The City of Toronto opened the replacement eastbound exit ramp from the Gardiner Expressway to York, Bay, and Yonge streets on Sunday. Councillor Jaye Robinson, Councillor for Ward 25 Don Valley West and Chair of the Public Works and Infrastructure Committee was joined by Mayor John Tory to open the ramp connecting the expressway to ground level at Lower Simcoe and Harbour streets. The project was completed on time despite encountering several problems including an early winter and storm sewer system issues on Harbour Street.
The project began in 2016 seeing construction on the new ramp’s foundation and substructure. Development continued into April 2017, when the existing ramp was closed and demolished. The new ramp is much shorter than the forked ramps it replaces, with Harbour Street widened from three to four lanes to handle the new traffic it now takes to York, Bay, and Yonge. As it is steeper than the previous ramp, the new exit utilizes an automated anti-icing spray technology to prevent collisions and ice formation. "Investing in Toronto's infrastructure is the only way to ease congestion and to keep traffic moving”, said Mayor Tory. “The demolition of the old ramp has transformed the area and has improved access to the waterfront.”. A video animation has been released to help commuters understand how traffic will flow in the area.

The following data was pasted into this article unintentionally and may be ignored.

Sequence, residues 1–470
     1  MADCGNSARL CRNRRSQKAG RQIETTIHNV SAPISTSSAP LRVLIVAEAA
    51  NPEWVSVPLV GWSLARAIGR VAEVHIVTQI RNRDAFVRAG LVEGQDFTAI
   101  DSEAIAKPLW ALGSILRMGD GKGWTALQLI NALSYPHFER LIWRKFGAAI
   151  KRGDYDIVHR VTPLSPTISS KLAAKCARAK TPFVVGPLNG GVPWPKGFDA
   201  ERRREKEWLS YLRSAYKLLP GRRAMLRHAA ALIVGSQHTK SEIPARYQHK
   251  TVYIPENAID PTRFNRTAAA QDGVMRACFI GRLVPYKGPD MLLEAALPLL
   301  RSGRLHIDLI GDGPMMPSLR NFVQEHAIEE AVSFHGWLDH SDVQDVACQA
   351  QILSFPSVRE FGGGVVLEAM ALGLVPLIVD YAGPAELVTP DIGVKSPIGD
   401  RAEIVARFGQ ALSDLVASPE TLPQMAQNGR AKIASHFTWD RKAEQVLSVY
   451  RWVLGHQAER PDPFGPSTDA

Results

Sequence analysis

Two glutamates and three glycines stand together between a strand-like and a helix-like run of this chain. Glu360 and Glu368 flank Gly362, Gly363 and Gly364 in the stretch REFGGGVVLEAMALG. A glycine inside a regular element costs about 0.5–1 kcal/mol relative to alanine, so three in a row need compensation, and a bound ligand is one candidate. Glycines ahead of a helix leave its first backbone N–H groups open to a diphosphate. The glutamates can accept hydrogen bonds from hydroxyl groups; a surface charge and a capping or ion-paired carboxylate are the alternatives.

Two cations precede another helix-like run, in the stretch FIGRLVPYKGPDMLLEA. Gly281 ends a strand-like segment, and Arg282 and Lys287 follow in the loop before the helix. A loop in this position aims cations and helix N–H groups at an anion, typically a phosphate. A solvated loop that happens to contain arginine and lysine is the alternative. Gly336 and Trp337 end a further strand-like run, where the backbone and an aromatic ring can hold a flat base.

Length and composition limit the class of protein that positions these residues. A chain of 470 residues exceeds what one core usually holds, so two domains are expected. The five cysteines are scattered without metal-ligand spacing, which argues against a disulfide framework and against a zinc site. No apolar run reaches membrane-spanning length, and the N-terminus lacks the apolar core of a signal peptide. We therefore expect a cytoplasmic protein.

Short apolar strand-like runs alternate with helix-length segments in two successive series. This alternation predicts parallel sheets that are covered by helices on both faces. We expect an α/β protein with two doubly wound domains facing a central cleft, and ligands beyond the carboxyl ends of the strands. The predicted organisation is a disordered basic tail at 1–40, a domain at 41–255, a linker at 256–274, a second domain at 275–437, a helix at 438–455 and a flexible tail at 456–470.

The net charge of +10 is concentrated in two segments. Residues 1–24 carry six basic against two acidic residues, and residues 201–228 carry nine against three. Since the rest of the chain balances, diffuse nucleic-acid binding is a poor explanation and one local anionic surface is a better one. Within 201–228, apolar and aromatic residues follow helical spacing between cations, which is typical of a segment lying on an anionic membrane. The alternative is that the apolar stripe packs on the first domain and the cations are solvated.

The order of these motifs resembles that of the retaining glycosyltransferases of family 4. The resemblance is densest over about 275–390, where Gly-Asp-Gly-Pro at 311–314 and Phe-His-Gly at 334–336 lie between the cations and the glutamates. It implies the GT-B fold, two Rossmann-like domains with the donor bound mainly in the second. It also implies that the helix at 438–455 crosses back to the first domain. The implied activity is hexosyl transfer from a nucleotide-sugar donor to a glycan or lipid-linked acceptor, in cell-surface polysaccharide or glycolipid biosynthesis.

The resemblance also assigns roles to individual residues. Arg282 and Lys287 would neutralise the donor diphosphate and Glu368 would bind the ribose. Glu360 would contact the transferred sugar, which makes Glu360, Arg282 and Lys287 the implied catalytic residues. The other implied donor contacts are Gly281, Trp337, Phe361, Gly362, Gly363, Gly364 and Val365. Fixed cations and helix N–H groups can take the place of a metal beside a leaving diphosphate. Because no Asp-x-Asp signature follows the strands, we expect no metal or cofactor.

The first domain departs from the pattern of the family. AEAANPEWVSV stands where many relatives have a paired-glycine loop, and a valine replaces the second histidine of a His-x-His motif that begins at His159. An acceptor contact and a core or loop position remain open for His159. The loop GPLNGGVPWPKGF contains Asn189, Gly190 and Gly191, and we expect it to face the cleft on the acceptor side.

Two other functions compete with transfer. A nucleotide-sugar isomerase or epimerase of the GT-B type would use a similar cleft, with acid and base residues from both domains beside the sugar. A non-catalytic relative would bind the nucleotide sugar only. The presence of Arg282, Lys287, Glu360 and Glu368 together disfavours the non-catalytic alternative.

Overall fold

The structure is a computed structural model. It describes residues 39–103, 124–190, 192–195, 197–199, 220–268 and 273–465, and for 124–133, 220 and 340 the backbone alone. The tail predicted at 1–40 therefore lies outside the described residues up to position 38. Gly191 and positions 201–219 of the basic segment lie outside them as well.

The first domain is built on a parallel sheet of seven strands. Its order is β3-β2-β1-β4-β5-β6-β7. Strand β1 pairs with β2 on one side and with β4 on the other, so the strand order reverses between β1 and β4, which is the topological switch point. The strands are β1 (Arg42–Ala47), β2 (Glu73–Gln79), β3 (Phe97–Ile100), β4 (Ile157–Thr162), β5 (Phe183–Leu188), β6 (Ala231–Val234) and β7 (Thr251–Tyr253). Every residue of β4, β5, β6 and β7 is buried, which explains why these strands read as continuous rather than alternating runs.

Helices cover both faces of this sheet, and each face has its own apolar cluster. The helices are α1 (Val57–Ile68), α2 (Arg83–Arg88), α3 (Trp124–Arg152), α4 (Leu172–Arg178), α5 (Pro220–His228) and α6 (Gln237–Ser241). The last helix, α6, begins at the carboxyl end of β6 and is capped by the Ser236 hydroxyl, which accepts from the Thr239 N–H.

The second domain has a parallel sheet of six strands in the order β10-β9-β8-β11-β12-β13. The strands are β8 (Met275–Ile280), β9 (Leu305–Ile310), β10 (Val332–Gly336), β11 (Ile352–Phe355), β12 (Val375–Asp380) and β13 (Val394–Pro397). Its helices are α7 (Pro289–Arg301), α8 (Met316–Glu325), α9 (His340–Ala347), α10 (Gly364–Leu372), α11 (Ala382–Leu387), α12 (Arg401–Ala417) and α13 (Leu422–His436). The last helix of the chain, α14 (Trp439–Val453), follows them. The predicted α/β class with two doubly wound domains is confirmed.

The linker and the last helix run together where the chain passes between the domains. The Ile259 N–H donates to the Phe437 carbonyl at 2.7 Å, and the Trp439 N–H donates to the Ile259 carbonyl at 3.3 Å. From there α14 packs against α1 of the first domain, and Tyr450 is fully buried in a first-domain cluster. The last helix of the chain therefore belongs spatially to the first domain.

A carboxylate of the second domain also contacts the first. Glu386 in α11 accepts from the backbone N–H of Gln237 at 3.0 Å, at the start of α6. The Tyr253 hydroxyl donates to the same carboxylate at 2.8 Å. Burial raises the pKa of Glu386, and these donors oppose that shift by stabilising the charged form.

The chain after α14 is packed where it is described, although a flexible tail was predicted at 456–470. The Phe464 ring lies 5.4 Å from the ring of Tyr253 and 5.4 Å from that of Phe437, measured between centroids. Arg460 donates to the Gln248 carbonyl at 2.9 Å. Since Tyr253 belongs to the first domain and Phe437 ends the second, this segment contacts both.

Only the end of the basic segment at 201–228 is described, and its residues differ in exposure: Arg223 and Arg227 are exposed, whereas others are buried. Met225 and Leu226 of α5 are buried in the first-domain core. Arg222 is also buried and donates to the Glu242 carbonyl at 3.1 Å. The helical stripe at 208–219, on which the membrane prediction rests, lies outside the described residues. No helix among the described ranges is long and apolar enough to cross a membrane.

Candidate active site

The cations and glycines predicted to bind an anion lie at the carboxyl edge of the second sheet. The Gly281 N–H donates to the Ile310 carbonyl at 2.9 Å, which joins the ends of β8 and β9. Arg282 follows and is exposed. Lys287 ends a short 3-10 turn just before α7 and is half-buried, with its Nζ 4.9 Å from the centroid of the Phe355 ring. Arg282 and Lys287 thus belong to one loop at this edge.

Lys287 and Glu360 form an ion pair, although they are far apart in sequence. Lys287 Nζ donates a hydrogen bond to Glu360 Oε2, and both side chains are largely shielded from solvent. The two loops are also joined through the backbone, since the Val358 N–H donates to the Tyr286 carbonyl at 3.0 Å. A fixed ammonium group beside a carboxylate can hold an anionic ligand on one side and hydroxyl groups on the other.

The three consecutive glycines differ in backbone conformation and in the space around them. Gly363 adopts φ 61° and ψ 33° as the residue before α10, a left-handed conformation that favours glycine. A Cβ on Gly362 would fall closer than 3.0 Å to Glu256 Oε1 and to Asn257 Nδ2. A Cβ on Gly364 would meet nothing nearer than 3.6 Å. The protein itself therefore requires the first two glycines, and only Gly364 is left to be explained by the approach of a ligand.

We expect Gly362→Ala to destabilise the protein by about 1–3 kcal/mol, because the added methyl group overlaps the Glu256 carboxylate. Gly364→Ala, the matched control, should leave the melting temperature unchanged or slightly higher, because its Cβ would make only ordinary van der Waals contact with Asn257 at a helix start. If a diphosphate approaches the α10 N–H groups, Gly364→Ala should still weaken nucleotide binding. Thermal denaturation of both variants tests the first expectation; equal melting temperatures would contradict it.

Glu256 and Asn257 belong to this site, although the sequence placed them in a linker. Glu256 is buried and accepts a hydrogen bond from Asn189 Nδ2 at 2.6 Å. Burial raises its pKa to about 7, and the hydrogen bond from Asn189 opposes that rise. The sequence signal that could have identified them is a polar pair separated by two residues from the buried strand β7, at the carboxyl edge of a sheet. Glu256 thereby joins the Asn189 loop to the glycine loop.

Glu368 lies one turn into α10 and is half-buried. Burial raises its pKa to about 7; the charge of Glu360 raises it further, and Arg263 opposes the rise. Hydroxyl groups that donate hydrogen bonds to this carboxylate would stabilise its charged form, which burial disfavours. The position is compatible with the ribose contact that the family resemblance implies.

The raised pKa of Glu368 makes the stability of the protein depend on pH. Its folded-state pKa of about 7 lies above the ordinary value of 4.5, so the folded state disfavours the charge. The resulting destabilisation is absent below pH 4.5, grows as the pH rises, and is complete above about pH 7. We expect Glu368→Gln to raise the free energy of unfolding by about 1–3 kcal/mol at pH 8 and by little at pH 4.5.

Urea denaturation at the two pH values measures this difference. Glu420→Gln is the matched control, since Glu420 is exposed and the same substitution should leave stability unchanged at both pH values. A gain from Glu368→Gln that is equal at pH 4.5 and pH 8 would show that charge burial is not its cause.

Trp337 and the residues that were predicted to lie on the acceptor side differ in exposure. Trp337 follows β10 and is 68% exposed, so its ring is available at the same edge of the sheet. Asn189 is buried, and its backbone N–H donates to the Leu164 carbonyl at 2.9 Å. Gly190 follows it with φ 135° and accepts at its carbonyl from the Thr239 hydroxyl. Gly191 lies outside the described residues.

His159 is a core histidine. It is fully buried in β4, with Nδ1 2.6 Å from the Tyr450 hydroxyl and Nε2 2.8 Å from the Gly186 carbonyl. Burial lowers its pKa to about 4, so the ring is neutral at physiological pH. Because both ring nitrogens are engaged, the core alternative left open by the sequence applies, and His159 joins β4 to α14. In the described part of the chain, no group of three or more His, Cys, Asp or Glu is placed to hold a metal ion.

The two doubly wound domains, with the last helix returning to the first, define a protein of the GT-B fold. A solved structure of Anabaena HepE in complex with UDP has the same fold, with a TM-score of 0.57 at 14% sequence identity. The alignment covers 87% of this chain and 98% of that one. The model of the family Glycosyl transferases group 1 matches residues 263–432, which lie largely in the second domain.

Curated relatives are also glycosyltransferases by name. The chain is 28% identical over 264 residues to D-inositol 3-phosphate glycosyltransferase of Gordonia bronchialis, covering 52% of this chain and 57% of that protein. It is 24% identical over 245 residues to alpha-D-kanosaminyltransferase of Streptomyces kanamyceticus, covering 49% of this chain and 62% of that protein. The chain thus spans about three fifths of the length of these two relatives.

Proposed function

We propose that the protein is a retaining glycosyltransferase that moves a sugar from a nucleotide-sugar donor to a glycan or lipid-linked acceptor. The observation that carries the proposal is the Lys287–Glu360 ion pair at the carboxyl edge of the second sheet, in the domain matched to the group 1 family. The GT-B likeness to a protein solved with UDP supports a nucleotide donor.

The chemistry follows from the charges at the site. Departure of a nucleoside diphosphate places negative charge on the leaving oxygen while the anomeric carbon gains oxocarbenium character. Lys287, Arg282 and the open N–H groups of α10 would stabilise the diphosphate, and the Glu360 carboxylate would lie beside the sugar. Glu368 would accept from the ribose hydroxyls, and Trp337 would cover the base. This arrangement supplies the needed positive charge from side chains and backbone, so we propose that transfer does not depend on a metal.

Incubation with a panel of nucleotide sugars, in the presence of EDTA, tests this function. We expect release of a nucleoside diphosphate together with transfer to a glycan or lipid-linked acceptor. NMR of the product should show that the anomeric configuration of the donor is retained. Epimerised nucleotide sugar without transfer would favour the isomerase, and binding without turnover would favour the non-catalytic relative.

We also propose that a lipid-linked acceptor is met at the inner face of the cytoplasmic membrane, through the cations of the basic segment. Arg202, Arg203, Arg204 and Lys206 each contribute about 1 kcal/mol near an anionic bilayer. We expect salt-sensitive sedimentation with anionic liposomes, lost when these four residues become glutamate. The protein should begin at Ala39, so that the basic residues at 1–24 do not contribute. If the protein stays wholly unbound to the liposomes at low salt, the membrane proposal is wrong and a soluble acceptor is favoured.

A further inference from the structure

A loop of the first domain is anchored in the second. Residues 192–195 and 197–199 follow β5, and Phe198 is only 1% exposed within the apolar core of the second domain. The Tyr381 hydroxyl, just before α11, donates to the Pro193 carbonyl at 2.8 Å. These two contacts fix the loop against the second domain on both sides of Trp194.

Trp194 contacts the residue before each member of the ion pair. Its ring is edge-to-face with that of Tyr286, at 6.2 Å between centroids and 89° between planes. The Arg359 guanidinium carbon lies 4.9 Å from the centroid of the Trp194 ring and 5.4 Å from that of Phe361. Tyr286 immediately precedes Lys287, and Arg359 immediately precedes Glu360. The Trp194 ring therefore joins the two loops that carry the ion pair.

This $30-million project was part of a larger $700-million investment made in 2017 by the City to renew aging infrastructure with an estimated $310 million allotted for roads and bridges, $310 million for sewers and water-mains, and $70 million for basement flooding protection work.
Construction of a multi-use pedestrian and cycling trail will continue into the summer to provide better access to the South Core, a new local park, the waterfront, and a future extension of Harbour Street to the east. New permanent traffic signals, new curbing on the north side of Harbour Street between York and Bay Streets, and installation of planters and streetscape elements along Harbour Street will all come later this year. "You won't recognize the place, to be honest with you," said Michael D'Andrea, the city's chief engineer.
Public consultation is underway for a new park area where the former spiral ramp was located on the east side of York Street. A joint initiative between Waterfront Toronto and the City's Parks, Forestry and Recreation division, the park has a budget of $11-million. Design will take place this year, construction will mostly take place in 2019, completion is expected in 2020.
Images of how the street will look once the trails and landscaping are complete can be found in our database file for the project, linked below. Did you use the new exit ramp on your commute today? Let us know by leaving a comment in the space provided at the bottom of the page, or you can join the discussion, check out additional photos in the associated Forum thread.
|Related Companies:||City of Toronto, DTAH|